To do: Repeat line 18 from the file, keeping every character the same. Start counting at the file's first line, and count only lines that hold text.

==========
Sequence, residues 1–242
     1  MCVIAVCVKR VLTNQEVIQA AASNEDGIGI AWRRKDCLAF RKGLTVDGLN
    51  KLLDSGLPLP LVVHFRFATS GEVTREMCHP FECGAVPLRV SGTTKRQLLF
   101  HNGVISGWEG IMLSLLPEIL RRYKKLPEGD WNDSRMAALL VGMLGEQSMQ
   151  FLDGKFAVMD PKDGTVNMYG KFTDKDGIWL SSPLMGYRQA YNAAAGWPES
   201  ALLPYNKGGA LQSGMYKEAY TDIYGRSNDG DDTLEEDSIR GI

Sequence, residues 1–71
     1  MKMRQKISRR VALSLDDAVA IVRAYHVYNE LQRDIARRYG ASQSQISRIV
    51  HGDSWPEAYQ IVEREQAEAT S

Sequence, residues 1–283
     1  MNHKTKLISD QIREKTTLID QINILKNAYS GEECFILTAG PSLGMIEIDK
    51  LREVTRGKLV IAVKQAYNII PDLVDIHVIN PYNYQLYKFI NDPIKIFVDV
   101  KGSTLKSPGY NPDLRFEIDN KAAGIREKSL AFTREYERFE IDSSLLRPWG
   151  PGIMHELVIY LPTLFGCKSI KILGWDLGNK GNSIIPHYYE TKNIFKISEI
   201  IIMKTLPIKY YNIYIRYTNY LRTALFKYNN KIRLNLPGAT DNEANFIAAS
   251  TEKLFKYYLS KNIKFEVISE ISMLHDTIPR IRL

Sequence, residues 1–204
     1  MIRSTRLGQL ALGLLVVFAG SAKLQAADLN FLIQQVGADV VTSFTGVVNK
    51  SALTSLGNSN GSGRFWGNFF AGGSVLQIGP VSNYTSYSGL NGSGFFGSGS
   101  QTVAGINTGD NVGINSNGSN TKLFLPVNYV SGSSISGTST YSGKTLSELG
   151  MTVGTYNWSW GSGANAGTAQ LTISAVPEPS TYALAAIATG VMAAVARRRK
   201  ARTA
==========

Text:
     1  MIRSTRLGQL ALGLLVVFAG SAKLQAADLN FLIQQVGADV VTSFTGVVNK